In Pop!_OS, Alt-Tab is used to switch between windows of different applications. In Ubuntu 20.04, with "Switch applications" set to "Alt+Tab" in the Keyboard Shortcuts settings, Alt-Tab switches between the entire set of windows for each application, meaning that switching to the next application brings all of that application's windows to the foreground.

To illustrate the difference, here is a demo of the Alt-Tab behavior in Pop!_OS (Alt-Tab switches between Firefox and a single terminal window):


And here is a demo of the Alt-Tab behavior in Ubuntu 20.04 (Alt-Tab brings all terminal windows to the foreground):


Finally, here are my current keyboard shortcuts in Ubuntu:


I would like to know if it is possible to configure Ubuntu 20.04's Alt-Tab shortcut to operate like in Pop!_OS, so that it switches between windows of different applications, without bringing the entire set of windows of a given application to the foreground.

  • super+tab switches between apps and not windows Sep 3 at 5:22

1 Answer 1


The application switcher in Gnome indeed is designed to switch all windows of an application. There appears not to be an easy option to change the behavior to raise only the last active window of the application, except for coding, which the developpers of Pop!_OS apparently did.

Currently, this situation can be coped in one of the following ways:

Switch to the window switcher— Move to the Window switcher instead of the Application switcher. In "Settings", "Keyboard", "Customize shortcuts", look in the "Navigation" section and set "Switch Windows" to Alt+Tab, rather than "Switch Applications".

The application switcher is designed to manage windows per application. It thus brings all windows related to the application to the foreground. While application switching with Super+Tab, you still can select a specific window of e.g. the terminal only using Alt+`.

Alt+`— Allegedly, this is very inconvenient if you need to switch back and forth between one window and a specific terminal window. Then, however, Alt+Esc has you covered. It will switch between the two last windows. If you hold Alt, it will switch between the open windows without any popup.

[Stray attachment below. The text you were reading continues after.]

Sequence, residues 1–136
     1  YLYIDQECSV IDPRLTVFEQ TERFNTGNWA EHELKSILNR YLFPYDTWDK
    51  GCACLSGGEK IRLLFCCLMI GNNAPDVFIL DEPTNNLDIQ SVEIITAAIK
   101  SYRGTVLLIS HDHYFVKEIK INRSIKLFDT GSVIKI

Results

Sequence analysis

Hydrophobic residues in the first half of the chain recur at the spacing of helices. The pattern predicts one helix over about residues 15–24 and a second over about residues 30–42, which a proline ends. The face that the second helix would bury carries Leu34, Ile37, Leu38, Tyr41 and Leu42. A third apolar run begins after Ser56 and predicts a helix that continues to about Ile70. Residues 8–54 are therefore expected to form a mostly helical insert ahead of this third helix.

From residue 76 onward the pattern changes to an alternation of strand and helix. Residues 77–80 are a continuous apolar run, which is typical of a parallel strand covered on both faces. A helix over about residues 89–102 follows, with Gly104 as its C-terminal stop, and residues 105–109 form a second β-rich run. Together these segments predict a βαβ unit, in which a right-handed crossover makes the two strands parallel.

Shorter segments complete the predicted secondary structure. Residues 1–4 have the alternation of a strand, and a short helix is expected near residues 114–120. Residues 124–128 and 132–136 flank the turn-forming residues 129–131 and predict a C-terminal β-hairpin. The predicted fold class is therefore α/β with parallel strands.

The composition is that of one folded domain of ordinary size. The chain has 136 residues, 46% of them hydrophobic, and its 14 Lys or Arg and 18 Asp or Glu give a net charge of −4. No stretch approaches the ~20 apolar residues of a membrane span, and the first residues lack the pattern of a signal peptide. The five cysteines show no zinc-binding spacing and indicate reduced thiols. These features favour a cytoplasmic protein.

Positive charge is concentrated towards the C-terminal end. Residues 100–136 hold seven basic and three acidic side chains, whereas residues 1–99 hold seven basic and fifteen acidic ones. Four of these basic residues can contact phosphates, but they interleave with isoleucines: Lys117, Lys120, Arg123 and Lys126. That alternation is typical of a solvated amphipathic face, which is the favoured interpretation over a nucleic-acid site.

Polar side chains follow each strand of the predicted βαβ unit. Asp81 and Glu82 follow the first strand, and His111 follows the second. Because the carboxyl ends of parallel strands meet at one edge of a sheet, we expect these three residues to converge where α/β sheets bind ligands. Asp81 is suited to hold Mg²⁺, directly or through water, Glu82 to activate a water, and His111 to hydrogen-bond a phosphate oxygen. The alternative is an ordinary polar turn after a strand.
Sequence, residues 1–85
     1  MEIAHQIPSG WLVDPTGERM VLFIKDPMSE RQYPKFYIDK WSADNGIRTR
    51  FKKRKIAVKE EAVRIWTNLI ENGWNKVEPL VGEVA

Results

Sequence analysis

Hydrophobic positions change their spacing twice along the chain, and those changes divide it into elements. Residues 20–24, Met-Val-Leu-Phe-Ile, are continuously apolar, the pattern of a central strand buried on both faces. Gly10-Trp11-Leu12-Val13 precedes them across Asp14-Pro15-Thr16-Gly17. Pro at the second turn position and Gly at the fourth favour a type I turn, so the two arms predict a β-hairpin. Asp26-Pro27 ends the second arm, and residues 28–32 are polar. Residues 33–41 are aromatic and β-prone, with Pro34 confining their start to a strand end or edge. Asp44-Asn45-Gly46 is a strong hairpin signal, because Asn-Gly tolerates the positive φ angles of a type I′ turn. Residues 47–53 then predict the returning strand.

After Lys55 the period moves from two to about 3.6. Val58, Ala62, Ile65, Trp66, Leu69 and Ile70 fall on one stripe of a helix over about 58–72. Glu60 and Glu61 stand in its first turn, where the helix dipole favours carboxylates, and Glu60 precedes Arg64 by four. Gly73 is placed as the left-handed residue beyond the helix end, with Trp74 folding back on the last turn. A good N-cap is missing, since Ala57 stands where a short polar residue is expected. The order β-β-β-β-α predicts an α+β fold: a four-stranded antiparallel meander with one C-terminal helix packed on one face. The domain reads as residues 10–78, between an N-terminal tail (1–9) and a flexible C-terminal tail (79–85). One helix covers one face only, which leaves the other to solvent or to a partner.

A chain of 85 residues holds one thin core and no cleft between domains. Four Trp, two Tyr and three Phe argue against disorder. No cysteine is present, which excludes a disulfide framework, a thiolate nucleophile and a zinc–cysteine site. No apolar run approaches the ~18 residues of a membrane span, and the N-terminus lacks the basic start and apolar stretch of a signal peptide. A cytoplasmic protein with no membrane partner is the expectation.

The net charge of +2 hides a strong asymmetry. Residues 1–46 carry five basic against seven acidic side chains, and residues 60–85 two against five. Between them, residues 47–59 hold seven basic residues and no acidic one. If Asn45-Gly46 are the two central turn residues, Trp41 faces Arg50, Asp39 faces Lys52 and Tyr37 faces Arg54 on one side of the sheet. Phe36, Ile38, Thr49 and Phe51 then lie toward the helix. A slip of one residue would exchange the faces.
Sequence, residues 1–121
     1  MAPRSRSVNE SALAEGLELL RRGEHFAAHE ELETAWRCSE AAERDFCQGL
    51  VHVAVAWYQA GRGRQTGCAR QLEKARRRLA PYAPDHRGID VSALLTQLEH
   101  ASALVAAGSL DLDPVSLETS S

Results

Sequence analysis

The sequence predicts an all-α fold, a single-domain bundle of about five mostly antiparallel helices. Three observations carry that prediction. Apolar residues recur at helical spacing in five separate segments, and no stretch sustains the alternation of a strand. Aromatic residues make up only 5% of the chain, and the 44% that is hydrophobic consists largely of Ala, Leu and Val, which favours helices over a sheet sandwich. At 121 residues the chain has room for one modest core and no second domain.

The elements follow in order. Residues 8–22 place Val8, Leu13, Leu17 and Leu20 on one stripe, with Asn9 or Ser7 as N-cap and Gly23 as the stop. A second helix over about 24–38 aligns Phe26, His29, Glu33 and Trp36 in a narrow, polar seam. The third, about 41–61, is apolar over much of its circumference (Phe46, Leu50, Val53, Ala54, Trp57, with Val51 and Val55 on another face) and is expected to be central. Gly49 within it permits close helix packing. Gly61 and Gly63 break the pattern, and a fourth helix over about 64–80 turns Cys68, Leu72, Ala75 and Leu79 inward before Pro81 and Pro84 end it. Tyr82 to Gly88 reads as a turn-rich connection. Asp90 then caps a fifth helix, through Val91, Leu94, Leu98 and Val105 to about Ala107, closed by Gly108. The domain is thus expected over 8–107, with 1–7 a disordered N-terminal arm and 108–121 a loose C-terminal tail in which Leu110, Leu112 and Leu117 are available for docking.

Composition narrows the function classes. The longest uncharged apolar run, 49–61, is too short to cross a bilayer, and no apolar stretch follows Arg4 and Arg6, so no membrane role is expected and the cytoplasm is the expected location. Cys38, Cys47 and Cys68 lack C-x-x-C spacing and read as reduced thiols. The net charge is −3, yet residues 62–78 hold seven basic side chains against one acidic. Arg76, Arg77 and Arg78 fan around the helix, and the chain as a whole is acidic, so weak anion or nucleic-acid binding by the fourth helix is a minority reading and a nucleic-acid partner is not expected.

Move to another workspace— An alternative way to cover this workflow is to move any other terminal window to a different workspace. However, there is no easy way to quickly "dismiss" a window to the next workspace: the dedicated shortcut key (Shift+Super+PgDn/PgUp or Shift+Ctrlkbd>+Alt+Left/Right) moves you along with the window to the new workspace.

Hide— A third way to cover this workspace is to hide the other terminal windows. In Ubuntu, the shortcut Super+H hides the window. Leave only the terminal window you currently need visible, and you can Super+Tab between that single window and a window of another application.

  • I should have been more clear that what I want is still to group windows by application, but to be able to switch between windows of different applications without bringing all of the windows for the current application to the foreground. But I've decided it's not a huge deal, I can live with this behavior.
    – jth
    Feb 3, 2022 at 1:16
  • I see, but that would probably defeat the concept of the application switcher, which aims to move to windows of a different application. I did not find any "hacky" way to change that behavior (e.g. extension, or editing some code), so it likely is not obvious if you are not developer.
    – vanadium
    Feb 3, 2022 at 7:13

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